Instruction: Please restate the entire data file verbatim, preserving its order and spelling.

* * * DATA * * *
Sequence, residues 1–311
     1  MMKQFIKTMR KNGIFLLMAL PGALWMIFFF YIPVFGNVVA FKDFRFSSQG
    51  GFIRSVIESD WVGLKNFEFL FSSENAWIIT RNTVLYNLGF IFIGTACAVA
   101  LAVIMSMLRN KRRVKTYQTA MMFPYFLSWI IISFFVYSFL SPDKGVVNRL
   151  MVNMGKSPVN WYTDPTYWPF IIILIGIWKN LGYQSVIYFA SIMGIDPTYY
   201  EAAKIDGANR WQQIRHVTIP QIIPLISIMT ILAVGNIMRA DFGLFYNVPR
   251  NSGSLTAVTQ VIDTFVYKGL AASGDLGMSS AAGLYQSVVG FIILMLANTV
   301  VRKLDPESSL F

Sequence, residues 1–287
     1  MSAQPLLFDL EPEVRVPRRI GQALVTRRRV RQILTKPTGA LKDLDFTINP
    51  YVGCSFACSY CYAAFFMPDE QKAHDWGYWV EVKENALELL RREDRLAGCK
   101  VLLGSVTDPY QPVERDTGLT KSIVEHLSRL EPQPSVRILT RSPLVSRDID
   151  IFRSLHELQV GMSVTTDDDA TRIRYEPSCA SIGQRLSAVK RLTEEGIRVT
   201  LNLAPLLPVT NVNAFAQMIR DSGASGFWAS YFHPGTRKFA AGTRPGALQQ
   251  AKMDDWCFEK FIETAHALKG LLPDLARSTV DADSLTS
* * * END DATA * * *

Sequence, residues 1–311
     1  MMKQFIKTMR KNGIFLLMAL PGALWMIFFF YIPVFGNVVA FKDFRFSSQG
    51  GFIRSVIESD WVGLKNFEFL FSSENAWIIT RNTVLYNLGF IFIGTACAVA
   101  LAVIMSMLRN KRRVKTYQTA MMFPYFLSWI IISFFVYSFL SPDKGVVNRL
   151  MVNMGKSPVN WYTDPTYWPF IIILIGIWKN LGYQSVIYFA SIMGIDPTYY
   201  EAAKIDGANR WQQIRHVTIP QIIPLISIMT ILAVGNIMRA DFGLFYNVPR
   251  NSGSLTAVTQ VIDTFVYKGL AASGDLGMSS AAGLYQSVVG FIILMLANTV
   301  VRKLDPESSL F

Sequence, residues 1–287
     1  MSAQPLLFDL EPEVRVPRRI GQALVTRRRV RQILTKPTGA LKDLDFTINP
    51  YVGCSFACSY CYAAFFMPDE QKAHDWGYWV EVKENALELL RREDRLAGCK
   101  VLLGSVTDPY QPVERDTGLT KSIVEHLSRL EPQPSVRILT RSPLVSRDID
   151  IFRSLHELQV GMSVTTDDDA TRIRYEPSCA SIGQRLSAVK RLTEEGIRVT
   201  LNLAPLLPVT NVNAFAQMIR DSGASGFWAS YFHPGTRKFA AGTRPGALQQ
   251  AKMDDWCFEK FIETAHALKG LLPDLARSTV DADSLTS